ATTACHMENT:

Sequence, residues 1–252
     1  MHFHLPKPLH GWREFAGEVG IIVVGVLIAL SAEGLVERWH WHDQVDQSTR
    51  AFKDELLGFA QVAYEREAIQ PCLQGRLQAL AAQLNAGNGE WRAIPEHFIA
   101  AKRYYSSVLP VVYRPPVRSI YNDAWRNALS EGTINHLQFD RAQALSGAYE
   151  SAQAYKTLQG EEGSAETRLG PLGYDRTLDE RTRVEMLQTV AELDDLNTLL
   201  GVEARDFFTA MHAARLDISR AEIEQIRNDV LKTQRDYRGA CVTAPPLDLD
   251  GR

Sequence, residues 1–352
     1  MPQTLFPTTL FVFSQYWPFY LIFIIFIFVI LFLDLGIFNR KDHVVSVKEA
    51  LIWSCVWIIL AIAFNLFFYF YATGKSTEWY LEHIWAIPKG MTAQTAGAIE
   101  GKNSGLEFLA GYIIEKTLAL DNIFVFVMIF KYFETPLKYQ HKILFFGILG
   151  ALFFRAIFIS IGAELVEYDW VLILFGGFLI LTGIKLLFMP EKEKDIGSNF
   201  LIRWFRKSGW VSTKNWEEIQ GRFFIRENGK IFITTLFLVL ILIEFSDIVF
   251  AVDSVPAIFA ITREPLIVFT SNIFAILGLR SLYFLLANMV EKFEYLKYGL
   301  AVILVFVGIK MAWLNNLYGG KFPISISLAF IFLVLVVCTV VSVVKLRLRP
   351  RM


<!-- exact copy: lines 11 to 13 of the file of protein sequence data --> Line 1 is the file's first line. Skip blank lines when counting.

   101  GKNSGLEFLA GYIIEKTLAL DNIFVFVMIF KYFETPLKYQ HKILFFGILG
   151  ALFFRAIFIS IGAELVEYDW VLILFGGFLI LTGIKLLFMP EKEKDIGSNF
   201  LIRWFRKSGW VSTKNWEEIQ GRFFIRENGK IFITTLFLVL ILIEFSDIVF